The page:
The G20’s Financial Stability Board suggests that “shadow banking” is best defined as credit intermediation with entities and activities outside of the regular banking system. It is important to note that intermediating credit through non-bank channels has significant practical advantages and has become an important part of the financing of the real economy.

That said, as a November 12th report from the FSB notes, such non-official banking channels also easily “become a source of systemic risk, especially when they are structured to perform bank-like functions (e.g. maturity and liquidity transformation, and leverage) and when their interconnectedness with the regular banking system is strong.”

The report goes on to note that, therefore, “appropriate monitoring of shadow banking and the application of appropriate policy responses, where necessary, helps to mitigate the build-up of such systemic risks.”

The new FSB report discusses the results of the fifth annual shadow banking monitoring exercise using data as of end-2014 for 26 jurisdictions (including Ireland for the first time) and the euro area as a whole. The areas included in the study represent close to 80% of global GDP and 90% of global financial assets.

The 2015 FSB shadow banking report introduces an effort to narrow the focus to those parts of non-bank credit intermediation where more significant shadow banking risks such as maturity transformation, liquidity transformation or leverage are likely to be found. Related to this, a new activity-based “economic function” measure of shadow is introduced in this year’s report (based on the policy framework published by the FSB in August of 2013 and noted in an annex of the 2014 Global Shadow Banking Monitoring Report).

2014 shadow banking statistics based on FSB’s new narrow measure

[drizzle]Global Shadow Banking

Using the FSB’s new methodology for assessing non-bank financial entities and activities by “economic functions”, the so-called narrow measure of global shadow banking that could represent financial stability risks came to a total of $36 trillion in 2014 in the 26 participating jurisdictions. Of note, this represents 59% of the GDP of the participating jurisdictions, and 12% of financial system assets.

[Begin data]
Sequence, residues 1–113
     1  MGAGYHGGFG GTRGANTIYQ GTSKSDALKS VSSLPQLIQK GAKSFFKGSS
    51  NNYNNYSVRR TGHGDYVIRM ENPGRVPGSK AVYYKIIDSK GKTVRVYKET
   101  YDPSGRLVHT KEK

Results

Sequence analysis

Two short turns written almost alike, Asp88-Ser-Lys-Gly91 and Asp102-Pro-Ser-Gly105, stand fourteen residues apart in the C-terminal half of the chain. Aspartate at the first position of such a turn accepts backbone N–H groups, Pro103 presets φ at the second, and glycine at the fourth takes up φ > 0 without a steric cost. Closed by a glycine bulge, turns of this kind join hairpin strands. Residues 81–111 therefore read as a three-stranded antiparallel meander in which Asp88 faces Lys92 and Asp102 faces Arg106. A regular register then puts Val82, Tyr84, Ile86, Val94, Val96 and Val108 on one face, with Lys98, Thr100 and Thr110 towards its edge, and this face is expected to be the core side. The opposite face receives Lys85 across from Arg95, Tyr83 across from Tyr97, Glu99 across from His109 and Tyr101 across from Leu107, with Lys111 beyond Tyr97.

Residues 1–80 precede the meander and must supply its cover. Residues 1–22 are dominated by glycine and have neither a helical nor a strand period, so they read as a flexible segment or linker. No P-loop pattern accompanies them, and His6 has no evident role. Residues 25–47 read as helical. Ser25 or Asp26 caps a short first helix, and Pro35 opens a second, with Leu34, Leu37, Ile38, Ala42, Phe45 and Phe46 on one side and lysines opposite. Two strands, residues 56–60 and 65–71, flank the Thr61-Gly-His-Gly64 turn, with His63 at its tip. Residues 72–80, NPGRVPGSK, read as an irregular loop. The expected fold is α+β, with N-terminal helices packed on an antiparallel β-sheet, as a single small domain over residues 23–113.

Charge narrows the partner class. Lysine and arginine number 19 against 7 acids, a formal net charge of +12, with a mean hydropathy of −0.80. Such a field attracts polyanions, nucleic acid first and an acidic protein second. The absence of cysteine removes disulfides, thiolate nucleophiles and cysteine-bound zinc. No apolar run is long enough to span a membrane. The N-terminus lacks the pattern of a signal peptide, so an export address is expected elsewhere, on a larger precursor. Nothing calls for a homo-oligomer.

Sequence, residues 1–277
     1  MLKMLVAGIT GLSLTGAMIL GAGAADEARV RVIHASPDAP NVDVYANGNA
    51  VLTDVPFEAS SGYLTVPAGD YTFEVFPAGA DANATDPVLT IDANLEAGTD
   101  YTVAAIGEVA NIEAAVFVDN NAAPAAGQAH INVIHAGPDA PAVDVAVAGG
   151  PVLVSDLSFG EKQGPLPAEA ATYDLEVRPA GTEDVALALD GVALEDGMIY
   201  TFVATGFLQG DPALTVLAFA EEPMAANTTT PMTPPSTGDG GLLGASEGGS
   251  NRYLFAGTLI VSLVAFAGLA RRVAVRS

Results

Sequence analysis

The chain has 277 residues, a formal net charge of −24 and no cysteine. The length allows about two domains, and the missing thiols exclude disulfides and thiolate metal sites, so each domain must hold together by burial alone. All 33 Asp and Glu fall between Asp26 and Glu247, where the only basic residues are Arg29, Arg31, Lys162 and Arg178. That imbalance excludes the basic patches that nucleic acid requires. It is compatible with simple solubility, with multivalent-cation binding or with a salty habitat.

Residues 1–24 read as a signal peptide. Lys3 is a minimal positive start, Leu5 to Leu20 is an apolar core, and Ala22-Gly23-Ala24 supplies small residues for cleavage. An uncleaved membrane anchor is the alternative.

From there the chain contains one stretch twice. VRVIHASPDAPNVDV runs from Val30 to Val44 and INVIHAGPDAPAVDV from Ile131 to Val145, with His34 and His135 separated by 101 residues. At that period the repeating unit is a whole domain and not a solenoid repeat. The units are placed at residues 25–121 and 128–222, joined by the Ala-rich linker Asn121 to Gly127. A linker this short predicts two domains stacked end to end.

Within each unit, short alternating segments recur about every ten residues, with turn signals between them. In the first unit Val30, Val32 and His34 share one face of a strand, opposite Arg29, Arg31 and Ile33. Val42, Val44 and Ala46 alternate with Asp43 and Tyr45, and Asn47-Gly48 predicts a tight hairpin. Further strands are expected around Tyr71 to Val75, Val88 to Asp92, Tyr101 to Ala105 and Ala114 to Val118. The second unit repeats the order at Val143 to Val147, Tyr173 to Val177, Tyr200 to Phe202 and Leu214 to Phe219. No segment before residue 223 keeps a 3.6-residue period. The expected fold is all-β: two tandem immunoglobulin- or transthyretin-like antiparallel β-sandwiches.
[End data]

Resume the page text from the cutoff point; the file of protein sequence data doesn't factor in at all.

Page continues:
When you take a look at the historical trend for this figure, you can see that the total amount of shadow banking that might represent financial risks has grown steadily over the last few years.

Global Shadow Banking

Also of interest, over 80% of global shadow banking assets are found in advanced economies in North America, Asia and Europe.

Moreover, the new classification by economic functions shows that credit intermediation associated with money market funds, hedge funds and other investment funds represents 60% of the narrow measure of shadow banking. This segment has increased by over 10% on average over the last four years. That said, the amount of securitization-based credit intermediation (a big part of the problem in the financial crisis) has dropped appreciably over the same period.

2014 shadow banking statistics based on FSB’s traditional broad measure

Global Shadow Banking

The FSB report noted that the broad, aggregate measure of the assets of other financial intermediaries, pension funds and insurance companies grew by 9% to $137 trillion over the past year, which means shadow banking represents close to 40% of total financial system assets in 20 jurisdictions and the euro area. Of note, the insurance company, pension fund and OFI sectors all enjoyed solid asset growth in 2014, but banking system assets dropped a bit (in U.S. dollar terms).

Global Shadow Banking

Taking a look at assets of OFIs alone (i.e. excluding pension funds and insurance companies), non-bank financial intermediation of the 20 jurisdictions and the euro area rose $1.6 trillion to $80 trillion in 2014. The increase can be attributed to both higher equity valuations and a major increase in non-bank credit intermediation, mainly from capital markets.

See full report below.

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